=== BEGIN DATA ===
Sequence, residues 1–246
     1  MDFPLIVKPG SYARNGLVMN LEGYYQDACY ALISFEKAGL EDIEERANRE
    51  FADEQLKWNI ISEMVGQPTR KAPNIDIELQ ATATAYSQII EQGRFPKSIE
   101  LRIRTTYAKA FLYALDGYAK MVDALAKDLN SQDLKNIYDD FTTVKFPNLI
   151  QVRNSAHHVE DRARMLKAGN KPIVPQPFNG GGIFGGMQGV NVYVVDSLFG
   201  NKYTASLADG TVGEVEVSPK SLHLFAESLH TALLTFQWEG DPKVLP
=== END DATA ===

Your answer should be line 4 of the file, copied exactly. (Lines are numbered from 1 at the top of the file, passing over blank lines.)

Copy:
   101  LRIRTTYAKA FLYALDGYAK MVDALAKDLN SQDLKNIYDD FTTVKFPNLI